Although the plot sounds a little like The Poisonwood Bible, the similarities end there.  Meldrum's disfunctional Slepy family consists of parents and their four daughters, each seemingly lost to their own thoughts. A rotating perspective gives us a glimpse of everyone's view, but of all the daughters, Amaryllis, the youngest, is the only one with any real instincts.  Her father, along with her sisters, believes she is not his child and despite it being the elephant in the corner, her mother remains strangely silent on the topic which festers and drives them all to various levels of insanity.

This is an unusual story complete with well-drawn characters and a vivid setting.  Fans of women's psychological fiction may find much to enjoy in Meldrum's latest.


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Bryson, Bill. At Home

If you’re a regular reader, you probably know I’m a Bryson fan.  Still, I was hesitant to pick up his latest because the description made it sound a tad boring.  Recently, when I saw the audio edition available, I picked it up just to see.  I’m glad I did!

Bryson takes us on a tour of his old house, a parsonage in England, and gives us a history of domestic life as we follow along.  For instance, a tour of the scullery brings us to a discussion of the lives of servants in the 1800s, complete with gossip of the day. A discussion of the word “hall” brings us to the history of medieval halls where lord of the manor and servants coexisted in one large room out of the elements and near the fire. As it turns out, At Home is a fascinating look at history complete with a touch of Bryson’s trademark wit.  If you’ve ever read Simon Winchester (Krakatoa), you might see a glimpse of the constructs Winchester employs to connect his topics, which on the surface often seem unrelated.

Bryson narrates his own CD in his slightly British accent, making it a pleasure to listen to.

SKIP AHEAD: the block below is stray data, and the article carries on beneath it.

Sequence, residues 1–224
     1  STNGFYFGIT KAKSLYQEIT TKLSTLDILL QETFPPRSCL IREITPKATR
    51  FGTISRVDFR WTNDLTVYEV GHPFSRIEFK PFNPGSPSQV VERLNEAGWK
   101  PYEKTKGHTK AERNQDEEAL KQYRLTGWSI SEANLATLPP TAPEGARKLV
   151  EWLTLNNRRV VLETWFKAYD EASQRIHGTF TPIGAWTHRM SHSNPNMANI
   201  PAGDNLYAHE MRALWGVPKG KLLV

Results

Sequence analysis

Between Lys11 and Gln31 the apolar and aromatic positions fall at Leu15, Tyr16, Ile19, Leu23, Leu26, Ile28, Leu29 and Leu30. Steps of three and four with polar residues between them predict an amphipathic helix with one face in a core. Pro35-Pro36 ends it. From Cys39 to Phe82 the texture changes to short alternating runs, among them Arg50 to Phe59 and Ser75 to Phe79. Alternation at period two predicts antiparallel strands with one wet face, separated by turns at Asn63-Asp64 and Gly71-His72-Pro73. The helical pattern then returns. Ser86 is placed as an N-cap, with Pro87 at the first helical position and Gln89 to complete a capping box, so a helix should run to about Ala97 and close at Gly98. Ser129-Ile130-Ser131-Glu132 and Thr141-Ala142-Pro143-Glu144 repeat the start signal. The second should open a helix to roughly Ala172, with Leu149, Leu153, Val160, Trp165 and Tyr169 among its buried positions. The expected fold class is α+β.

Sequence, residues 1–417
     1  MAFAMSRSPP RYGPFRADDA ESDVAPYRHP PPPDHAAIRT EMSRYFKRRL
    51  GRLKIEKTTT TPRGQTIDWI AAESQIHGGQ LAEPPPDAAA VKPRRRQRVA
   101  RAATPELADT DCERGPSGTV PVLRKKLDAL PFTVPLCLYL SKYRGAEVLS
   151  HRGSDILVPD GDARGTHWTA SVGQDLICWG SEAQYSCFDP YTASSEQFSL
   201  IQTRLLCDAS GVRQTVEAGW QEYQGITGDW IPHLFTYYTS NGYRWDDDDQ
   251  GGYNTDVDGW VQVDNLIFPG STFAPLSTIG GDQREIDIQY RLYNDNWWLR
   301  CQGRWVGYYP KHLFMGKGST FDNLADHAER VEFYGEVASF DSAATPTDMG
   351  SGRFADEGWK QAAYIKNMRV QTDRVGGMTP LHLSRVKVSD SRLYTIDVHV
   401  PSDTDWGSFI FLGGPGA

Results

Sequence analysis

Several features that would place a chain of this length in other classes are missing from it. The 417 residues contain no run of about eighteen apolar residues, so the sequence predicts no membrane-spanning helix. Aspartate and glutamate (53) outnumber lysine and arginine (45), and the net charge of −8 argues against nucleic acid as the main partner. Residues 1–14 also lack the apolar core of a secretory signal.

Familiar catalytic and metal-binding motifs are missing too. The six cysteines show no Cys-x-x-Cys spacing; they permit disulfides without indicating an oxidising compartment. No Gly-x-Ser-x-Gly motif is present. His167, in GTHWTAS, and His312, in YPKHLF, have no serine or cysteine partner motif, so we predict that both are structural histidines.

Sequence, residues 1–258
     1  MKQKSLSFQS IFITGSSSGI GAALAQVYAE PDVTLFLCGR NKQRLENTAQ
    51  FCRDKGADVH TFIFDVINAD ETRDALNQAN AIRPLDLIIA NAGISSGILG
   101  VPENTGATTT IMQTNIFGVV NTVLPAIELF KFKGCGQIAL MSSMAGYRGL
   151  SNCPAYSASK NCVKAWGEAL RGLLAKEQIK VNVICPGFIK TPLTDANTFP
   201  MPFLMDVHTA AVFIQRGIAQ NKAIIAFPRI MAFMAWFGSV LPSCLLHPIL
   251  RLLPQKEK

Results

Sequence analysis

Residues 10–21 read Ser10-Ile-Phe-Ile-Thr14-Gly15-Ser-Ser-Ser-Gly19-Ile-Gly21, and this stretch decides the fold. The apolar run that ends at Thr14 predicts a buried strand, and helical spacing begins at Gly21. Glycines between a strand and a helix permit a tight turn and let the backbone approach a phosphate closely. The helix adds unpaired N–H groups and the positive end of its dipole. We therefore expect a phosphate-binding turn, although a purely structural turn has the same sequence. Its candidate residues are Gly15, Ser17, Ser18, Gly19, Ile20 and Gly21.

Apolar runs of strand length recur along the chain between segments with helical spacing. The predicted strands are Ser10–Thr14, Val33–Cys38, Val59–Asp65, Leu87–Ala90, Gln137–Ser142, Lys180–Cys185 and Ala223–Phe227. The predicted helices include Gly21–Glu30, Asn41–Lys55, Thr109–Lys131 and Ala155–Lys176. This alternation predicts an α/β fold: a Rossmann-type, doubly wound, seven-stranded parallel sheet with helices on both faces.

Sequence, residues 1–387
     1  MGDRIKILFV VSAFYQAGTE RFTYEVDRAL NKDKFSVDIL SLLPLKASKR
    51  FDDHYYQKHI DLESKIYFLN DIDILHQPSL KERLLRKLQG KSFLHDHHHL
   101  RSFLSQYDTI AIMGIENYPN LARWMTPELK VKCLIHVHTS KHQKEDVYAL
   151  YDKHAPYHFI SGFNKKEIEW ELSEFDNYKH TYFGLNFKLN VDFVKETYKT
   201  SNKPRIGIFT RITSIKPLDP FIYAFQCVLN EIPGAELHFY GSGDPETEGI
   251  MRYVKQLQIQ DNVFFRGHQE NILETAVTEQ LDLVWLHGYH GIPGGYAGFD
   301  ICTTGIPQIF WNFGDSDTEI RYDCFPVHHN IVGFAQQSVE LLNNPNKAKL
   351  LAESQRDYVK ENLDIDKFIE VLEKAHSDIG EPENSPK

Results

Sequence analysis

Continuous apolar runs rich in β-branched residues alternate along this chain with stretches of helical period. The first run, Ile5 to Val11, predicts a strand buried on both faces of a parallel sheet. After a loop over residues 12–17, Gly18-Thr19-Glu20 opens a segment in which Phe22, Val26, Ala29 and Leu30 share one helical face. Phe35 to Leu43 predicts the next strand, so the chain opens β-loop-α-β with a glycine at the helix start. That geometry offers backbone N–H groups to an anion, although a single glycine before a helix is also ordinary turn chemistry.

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Just a Thought...Celebrities and Cookbooks

Cookbooks are wildly popular here and have been for years.  I find I sometimes have to watch the food channel to see who is who and who cooks what so I can assist those seeking the cookbook written by the woman with the southern accent, or the one who cooks Italian and has that husband on the show sometimes. 

I was thinking about this recently, remembering the days when cookbook meant Betty Crocker, Fannie Farmer, or Julia Child.  Then there were the less personal titles like “The Better Homes and Garden Cookbook”, “The Joy of Cooking”, and the Sunset series.  There came the appliance-specific books like “Slow Cooker Recipes for Two”, and “Cooking with Convection”. There are food or ingredient-specific books and the restaurant/chef cookbooks such as: Leone’s Italian Cookbook, Anthony Bourdain’s Les Halles Cookbook, Paul Prudhomme’s Louisiana Kitchen, and Alice Water’s Chez Panisse. And finally, there’s that new crop of celebrity chefs made popular by the food network including Paula Dean, Rachel Ray, Ina Garten, Tyler Florence, and a host of others.

Is it just me or does it seem that the focus is off the food and onto the celebrity chef? Is it the making of entire networks devoted to food? or has it always been that way for foodies who want to know not just the what, but the why and the who?